understanding sleep

Sleep? It’s a biological function there is simply no substitute for, and one that we understand better every day. Once shrouded in myth and mystery in tales like Sleeping Beauty and Rip Van Winkle, we now understand how important sleep is to our health and well-being. Good sleep is never a waste of time, and sleeping extra hours doesn’t mean you are lazy or unmotivated.

Our bodies talk to us! Our stomachs signal (sometimes loudly) when we’re hungry; our mouths become dry when we are thirsty, and our bodies want to slow down when we are tired. Why does this happen?

Tick-tock. We have a “sleep clock” that regulates when we are sleepy or awake, in part by increasing the production of melatonin, a hormone that helps us sleep, when exposed to darkness.

Are you getting any?
If you cannot sleep, you are not alone – everyone sleeps badly sometimes, and some people sleep badly all the time. More than half of all Canadians (58%) over the age of 15 report difficulty going to sleep or staying asleep, with 18% sleeping less than 5 hours per night. Here are some other Canadian sleep facts.

Please explore our website. We’ll explain how sleep works, why it’s important, what the consequences of poor sleep are, how to improve sleep hygiene – and when it’s time to consult your pharmacist or physician.


Defining sleep isn’t that simple. There are different kinds of sleep, divided into two distinct types – non-REM (no rapid eye movement) and REM. There are four stages to non-REM sleep. In a good night of sleep, your body will experience each of these stages in a cycle lasting approximately 90 minutes.

Non-REM Sleep REM Sleep
A period of very light sleep (about 5 minutes long), in which eye and muscle activity slow down. During this time, we may be easily awakened.
It is during REM sleep that we begin to dream. Our heart and respiration rates rise, as does our blood pressure, and our breathing is shallow. Eye movement is rapid and irregular, and the muscles of our arms and legs become paralyzed. Our first period of REM sleep generally begins about 90 minutes after we fall asleep.
Our eye activity stops, our brain waves slow down, but other small bursts of brain activity begin. This sleep stage lasts about 10–25 minutes.
There is no eye or muscle movement during this stage, at which deep sleep begins. Our brain waves slow down more, and we are difficult to awaken at this stage.
This is our period of deepest sleep. Our physical energy is restored so that we can feel well rested the next day.

It is not just how long we are asleep, but how much of each stage of sleep we get that determines how rested we feel in the morning, and how well we are able to function. When we enjoy a good night’s sleep, we are likely to feel more energetic the next day. Deep sleep is the time when the body repairs itself; it contributes to helping repair muscle and tissue and also helps to boost our immune system. REM sleep renews the mind and plays an important role in learning and memory.


Some people suffer from sleep disorders (like sleep apnea or restless leg syndrome) that make sleeplessness an ongoing problem. But for most of us who experience sleepless nights or periods of insomnia, the reasons can be subtle (but perhaps just as difficult to control). Here are a few things that can affect our sleep:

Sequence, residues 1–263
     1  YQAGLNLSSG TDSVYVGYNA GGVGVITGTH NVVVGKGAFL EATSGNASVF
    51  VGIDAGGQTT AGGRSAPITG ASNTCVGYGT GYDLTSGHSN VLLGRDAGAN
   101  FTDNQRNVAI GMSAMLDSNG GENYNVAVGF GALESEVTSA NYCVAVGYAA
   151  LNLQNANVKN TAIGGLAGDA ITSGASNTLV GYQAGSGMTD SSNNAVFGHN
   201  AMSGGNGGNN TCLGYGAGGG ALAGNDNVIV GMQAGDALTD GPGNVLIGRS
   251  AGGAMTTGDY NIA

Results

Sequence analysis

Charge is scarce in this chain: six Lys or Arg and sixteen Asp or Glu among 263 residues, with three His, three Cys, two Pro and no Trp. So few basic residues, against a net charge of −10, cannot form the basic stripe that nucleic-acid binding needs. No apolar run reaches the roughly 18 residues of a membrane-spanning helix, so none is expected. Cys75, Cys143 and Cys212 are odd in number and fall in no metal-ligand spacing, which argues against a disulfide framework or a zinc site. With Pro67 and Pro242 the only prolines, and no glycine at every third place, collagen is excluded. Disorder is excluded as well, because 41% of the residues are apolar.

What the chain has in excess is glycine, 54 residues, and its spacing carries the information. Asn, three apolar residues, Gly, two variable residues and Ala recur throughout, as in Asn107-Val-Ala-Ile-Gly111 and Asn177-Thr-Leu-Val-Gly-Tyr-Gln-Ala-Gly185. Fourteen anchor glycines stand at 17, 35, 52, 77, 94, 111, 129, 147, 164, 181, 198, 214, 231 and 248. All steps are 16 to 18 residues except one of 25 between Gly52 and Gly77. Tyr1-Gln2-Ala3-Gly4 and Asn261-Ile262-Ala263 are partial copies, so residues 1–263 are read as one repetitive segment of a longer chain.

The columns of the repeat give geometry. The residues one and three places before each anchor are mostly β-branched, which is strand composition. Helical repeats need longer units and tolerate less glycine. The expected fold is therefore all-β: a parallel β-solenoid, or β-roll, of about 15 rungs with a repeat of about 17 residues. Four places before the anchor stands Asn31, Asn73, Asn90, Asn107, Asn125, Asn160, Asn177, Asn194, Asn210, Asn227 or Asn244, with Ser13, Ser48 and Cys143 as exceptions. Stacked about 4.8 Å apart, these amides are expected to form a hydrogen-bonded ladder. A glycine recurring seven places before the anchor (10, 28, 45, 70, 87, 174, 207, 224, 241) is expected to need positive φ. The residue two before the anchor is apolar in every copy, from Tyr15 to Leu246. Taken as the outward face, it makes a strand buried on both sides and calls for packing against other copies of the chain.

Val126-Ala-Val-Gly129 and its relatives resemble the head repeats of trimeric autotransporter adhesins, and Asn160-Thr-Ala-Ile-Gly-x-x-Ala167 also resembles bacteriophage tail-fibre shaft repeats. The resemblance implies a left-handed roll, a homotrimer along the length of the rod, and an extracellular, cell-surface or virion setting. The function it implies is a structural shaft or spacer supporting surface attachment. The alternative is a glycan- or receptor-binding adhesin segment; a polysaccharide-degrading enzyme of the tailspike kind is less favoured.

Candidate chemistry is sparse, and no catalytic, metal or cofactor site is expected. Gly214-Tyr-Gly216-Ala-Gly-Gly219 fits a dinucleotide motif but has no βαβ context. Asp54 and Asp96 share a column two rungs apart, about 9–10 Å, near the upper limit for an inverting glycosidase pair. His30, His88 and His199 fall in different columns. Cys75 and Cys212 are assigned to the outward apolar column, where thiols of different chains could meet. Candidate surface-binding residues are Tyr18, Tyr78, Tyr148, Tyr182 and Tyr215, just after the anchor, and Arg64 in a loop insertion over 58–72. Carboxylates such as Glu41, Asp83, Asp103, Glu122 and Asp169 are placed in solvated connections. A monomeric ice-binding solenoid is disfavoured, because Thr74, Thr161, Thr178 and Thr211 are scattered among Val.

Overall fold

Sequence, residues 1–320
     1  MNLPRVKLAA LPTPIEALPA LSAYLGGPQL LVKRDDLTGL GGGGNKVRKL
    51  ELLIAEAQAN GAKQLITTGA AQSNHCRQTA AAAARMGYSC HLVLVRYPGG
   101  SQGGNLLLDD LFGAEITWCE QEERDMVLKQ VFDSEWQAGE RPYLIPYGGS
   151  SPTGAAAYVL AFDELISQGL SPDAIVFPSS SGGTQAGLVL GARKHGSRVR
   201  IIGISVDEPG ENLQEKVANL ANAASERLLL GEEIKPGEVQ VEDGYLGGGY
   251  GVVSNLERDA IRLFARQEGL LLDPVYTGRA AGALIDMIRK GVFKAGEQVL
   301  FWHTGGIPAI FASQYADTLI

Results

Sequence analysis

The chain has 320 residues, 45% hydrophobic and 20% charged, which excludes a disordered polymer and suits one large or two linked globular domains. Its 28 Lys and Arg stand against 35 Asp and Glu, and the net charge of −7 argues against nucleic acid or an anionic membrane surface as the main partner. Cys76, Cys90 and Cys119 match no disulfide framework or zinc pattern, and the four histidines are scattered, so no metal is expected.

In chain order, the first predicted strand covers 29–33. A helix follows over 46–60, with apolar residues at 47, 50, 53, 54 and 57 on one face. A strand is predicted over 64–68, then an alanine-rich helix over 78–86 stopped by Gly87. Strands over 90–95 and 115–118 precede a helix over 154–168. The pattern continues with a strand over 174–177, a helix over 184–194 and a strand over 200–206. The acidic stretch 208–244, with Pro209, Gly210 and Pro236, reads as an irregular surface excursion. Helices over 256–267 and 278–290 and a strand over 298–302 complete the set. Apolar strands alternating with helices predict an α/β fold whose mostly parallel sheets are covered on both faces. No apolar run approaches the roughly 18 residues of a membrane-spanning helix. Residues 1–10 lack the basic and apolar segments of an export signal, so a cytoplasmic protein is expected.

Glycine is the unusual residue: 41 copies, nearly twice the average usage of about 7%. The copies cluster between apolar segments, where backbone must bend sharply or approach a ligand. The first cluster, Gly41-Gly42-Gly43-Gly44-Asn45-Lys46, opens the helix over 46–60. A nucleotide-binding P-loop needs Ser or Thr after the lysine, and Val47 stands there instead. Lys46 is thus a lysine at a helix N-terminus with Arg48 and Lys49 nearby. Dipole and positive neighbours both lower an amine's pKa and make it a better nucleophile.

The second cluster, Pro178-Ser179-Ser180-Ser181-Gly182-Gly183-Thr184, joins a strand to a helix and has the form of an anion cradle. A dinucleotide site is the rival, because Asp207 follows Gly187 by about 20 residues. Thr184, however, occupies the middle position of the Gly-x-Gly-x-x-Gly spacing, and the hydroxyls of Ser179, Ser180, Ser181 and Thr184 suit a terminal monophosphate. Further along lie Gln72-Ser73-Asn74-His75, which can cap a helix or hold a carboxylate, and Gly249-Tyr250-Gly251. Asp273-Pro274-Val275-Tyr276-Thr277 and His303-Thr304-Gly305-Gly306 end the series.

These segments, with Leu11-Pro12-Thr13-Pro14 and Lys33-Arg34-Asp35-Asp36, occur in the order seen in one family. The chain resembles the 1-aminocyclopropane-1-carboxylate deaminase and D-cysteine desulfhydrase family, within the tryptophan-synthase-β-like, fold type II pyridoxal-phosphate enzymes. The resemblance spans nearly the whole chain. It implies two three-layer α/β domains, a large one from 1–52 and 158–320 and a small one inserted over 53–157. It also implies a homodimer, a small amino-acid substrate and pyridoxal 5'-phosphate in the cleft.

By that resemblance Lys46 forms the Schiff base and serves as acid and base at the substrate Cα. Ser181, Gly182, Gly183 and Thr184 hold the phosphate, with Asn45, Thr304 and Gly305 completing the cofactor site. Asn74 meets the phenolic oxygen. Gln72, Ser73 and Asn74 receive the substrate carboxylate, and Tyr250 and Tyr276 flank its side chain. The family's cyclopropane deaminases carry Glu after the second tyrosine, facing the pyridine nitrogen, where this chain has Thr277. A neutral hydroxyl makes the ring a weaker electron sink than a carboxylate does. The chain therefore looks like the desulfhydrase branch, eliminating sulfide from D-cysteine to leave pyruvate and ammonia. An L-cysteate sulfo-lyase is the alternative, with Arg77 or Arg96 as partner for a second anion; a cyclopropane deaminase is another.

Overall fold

bottle cigs mug alarm hamper

  • Too much caffeine – from drinking coffee, tea or colas
  • Nicotine – it stimulates the central nervous system
  • Stress, anxiety, or depression
  • Changes in lifestyle, like a move, or a new job
  • Shift work
  • Environmental factors, such as noise
  • Pain
  • Hormonal changes

Any of these factors can be a sleep thief. Certain prescription medications can also have an effect on overall sleep quality.

Insomnia is defined as:

  • difficulty getting to sleep and/or staying asleep
  • waking up too early
  • trouble sleeping despite adequate opportunity for sleep

Insomnia is also characterized by at least one of the following, which may occur during the day:

  • fatigue or sleepiness
  • mood disturbance or irritability
  • lack of motivation and energy
  • errors or accidents while working or driving
  • tension headaches

Insomnia can be acute or chronic. Acute insomnia is a short-term problem that is generally the result of stress or change (new job, final exams, illness). It generally lasts only a few nights or a few weeks, and an over-the-counter sleep aid may help you relieve occasional nighttime sleeplessness. To find out more about Unisom® products, click here.
Chronic insomnia is a long-term problem in which a person experiences poor sleep or not enough sleep for at least 30 days. If this describes you, see a physician or a sleep specialist.

How do you know if you’re suffering from insomnia? Take this quick test.


It’s different for everyone… but on average, adults should try to get 7 to 9 hours of sleep each night. Age matters, and here are some suggestions for different age groups:

Age Group Recommended amount of sleep
Infants 14–15 hours
Children and adolescents 10 to 11 hours
Adults 7–9 hours

Other factors play a role. For example, older adults may experience a lighter quality of nighttime sleep, which may result in a greater need for daytime naps, and pregnant women may need additional hours of sleep. Women are more likely than men to report insomnia. For more information on women and sleep, click here.

Still, what you really want is to wake up feeling refreshed and energized, ready to take on the world. Here is some information on how to help determine what amount of sleep is right for you.

When should you seek help for a sleep problem?

If you find that you frequently feel sleepy during the day, or that your lack of sleep is affecting your quality of life, even though you think you’re getting the right amount of “quality” sleep, talk to your pharmacist or physician. We all deserve a good night’s sleep.